- On Thursday afternoon, Congress held a hearing to address the GameStop stock fiasco.
- The hearing featured the CEOs of Robinhood, Citadel, Reddit, and Melvin Capital.
- Robinhood CEO Vlad Tenev was the hearing’s main target, and it was plagued with technical issues.
- Visit the Business section of Insider for more stories.
Just weeks after the GameStop stock bubble popped, the US House of Representatives Financial Services Committee held an hours-long hearing examining what happened.
Though that hearing featured a variety of chief executives, from Reddit CEO Steve Huffman to Citadel CEO Ken Griffin, and even featured one popular financial influencer, the main target of questioning was Robinhood CEO Vlad Tenev.
Questions to Robinhood focused on the app’s decision to halt trading and how it “gamifies” stock trading
With over 50 members of the House of Representatives participating, the lines of questioning varied wildly. Some representatives asked Tenev about Robinhood’s choice to halt trading of GameStop and other such “meme stocks” on January 28, while others asked him about Alex Kearns, a 20-year-old Robinhood user who thought he had lost $730,000 on the app. Kearns died by suicide in June 2020.
“I’m sorry to the family of Mr. Kearns for your loss,” Tenev said.
Kearns repeatedly contacted Robinhood’s help desk, but didn’t receive a response before he died. During his allotted time, Rep. Sean Casten played Tenev the recording that users hear when they call Robinhood for help.
He also criticized Robinhood for the “innate tension” at the heart of its business model, which he said is split “between democratizing finance, which is a noble calling, and being a conduit to feed fish to sharks.”
Lawmakers primarily focused on Tenev due to the stock trading app’s critical role in the explosion of GameStop’s stock value: Between January 20 and January 26, GameStop’s stock value leaped from just over $35 per share to north of $140 per share. By January 27, it hit new highs of over $325 per share – an over 8,000% increase from just a few months ago.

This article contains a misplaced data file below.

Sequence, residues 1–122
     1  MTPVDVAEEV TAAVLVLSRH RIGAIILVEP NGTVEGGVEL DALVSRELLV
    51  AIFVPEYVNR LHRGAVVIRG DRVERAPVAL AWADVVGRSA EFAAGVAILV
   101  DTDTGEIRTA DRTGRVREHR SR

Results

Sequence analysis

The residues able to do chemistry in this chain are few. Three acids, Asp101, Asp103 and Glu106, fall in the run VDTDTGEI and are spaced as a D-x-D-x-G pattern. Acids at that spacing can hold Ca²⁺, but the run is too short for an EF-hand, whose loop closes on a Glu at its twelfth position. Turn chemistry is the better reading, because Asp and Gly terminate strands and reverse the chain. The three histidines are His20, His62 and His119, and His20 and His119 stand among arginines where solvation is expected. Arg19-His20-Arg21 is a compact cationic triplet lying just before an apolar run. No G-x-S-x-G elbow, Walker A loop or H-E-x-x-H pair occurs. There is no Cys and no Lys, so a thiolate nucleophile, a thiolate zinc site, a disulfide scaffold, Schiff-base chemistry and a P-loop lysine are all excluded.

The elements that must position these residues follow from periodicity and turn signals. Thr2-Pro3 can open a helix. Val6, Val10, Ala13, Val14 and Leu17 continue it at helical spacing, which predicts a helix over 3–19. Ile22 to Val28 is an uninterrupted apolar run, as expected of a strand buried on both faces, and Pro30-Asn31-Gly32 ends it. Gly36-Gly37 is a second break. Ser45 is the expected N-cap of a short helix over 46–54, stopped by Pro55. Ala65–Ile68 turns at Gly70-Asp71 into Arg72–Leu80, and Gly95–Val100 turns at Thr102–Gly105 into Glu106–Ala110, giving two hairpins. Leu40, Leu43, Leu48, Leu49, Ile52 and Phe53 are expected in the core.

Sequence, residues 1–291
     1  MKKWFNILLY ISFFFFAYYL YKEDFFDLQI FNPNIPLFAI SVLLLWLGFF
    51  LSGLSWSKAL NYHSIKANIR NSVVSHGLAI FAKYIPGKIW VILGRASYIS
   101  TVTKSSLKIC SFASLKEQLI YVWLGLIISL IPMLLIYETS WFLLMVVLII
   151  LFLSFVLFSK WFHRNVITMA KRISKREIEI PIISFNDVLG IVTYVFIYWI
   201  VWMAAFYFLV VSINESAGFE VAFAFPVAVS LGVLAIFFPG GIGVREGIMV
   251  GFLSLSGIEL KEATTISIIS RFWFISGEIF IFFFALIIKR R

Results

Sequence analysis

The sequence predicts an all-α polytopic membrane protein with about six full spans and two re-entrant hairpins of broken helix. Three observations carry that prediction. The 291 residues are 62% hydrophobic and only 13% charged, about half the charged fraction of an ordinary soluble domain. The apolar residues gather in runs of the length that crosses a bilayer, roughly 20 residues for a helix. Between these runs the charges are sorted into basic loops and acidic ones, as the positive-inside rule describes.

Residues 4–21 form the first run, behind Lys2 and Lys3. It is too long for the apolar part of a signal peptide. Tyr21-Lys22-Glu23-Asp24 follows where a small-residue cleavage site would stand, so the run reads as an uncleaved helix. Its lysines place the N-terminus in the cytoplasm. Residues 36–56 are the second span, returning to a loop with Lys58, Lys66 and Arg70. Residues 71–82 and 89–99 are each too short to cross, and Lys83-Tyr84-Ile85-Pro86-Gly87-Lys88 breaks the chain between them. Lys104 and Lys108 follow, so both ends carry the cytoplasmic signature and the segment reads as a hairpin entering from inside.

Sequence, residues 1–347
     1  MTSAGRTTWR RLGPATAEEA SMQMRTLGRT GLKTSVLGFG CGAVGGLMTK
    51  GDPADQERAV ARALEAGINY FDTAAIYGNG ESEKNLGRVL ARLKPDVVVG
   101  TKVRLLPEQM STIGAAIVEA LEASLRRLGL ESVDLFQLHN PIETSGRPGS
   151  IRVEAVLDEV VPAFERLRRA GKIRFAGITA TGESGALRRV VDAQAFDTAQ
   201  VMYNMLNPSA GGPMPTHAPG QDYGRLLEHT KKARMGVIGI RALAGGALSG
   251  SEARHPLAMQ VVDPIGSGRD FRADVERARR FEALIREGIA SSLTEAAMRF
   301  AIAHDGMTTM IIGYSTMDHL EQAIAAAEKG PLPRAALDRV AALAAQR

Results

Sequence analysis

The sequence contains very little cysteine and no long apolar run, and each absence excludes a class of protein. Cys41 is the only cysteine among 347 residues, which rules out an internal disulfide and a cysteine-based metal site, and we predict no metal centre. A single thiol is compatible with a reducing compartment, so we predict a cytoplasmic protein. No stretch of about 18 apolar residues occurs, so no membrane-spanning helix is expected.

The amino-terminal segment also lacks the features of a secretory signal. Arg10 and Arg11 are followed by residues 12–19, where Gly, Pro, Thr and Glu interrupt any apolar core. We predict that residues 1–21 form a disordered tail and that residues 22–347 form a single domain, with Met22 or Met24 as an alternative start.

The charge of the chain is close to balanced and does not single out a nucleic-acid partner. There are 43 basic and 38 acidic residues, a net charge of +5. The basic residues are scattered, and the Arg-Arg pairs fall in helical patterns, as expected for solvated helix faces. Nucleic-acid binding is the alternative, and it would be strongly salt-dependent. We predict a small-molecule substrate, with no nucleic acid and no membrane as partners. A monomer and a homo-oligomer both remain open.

The next morning, Robinhood halted trades of the stock because it ran out of money to cover the upfront cost of its customers stock purchases. The company even had to dilute its own value in order to quickly raise capital – a $3.4 billion investment from several different firms was announced in early February.
Tenev repeatedly told lawmakers the same story he’s told previously: Robinhood was forced to temporarily halt trading of GameStop and several other stocks because the National Securities Clearing Corporation demanded $3 billion to cover volatile trades.
And he refuted claims that the decision was driven by the hedge funds which had taken out short positions on GameStop stock, as did Melvin Capital Management CEO Gabe Plotkin who also joined the hearing.
Another notable criticism repeatedly leveled at Robinhood: Gamification. The app notoriously features audio and visual elements that cheer on user actions. “We didn’t encourage anyone to tap on anything,” Tenev said in one such exchange. “We wanted to give our customers delightful features so they know we’re listening to them and we care about them.”
Technical difficulties persisted throughout the nearly 5-hour hearing
From the very beginning of the hearing, technical issues plagued the video conference. Hot mics were frequent, and a few major sound issues caused pauses.
As the hearing – which kicked off at noon – pushed on, exchanges between legislators and interviewees got more and more brief.
Legislators frequently cut in mid-answer with “I’ll reclaim my time” in an effort to squeeze another question in. And an exchange between Rep. Rashida Tlaib and Citadel CEO Ken Griffin just after the five-hour mark got particularly contentious, as he attempted to talk over her. “Let me finish my answer. I think it’s important,” he said. “No, no,” Tlaib responded.
The few exchanges with Keith “Roaring Kitty” Gill, a stock trader who made a name for himself as a YouTuber, were largely focused on what he specializes in: stock advice. Gill said he would still buy GameStop stock at its current value, and that he initially bought in months ago because it was “undervalued.” Also of note: Gill’s opening statement included at least one notable meme reference.
Ultimately, there were no huge revelations about the GameStop stock bubble or the major players involved in it from Thursday’s hearing. It’s the first of several such hearings that the financial services committee plans in the wake of the bubble’s popping.
You can watch the full hearing below:
Got a tip? Contact Business Insider senior correspondent Ben Gilbert via email (email@example.com), or Twitter DM (@realbengilbert). We can keep sources anonymous. Use a non-work device to reach out. PR pitches by email only, please.